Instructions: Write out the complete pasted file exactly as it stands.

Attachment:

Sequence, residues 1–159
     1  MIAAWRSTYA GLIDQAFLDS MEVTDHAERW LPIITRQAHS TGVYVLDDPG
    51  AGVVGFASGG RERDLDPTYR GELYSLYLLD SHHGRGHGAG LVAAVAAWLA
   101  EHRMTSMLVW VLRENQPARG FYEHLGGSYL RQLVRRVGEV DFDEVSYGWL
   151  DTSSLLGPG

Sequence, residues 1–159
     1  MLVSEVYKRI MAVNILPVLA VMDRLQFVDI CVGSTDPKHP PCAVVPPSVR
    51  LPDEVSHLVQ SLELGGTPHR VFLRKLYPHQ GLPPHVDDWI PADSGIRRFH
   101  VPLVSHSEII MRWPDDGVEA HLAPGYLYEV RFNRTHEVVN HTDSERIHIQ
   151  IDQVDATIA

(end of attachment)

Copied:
Sequence, residues 1–159
     1  MIAAWRSTYA GLIDQAFLDS MEVTDHAERW LPIITRQAHS TGVYVLDDPG
    51  AGVVGFASGG RERDLDPTYR GELYSLYLLD SHHGRGHGAG LVAAVAAWLA
   101  EHRMTSMLVW VLRENQPARG FYEHLGGSYL RQLVRRVGEV DFDEVSYGWL
   151  DTSSLLGPG

Sequence, residues 1–159
     1  MLVSEVYKRI MAVNILPVLA VMDRLQFVDI CVGSTDPKHP PCAVVPPSVR
    51  LPDEVSHLVQ SLELGGTPHR VFLRKLYPHQ GLPPHVDDWI PADSGIRRFH
   101  VPLVSHSEII MRWPDDGVEA HLAPGYLYEV RFNRTHEVVN HTDSERIHIQ
   151  IDQVDATIA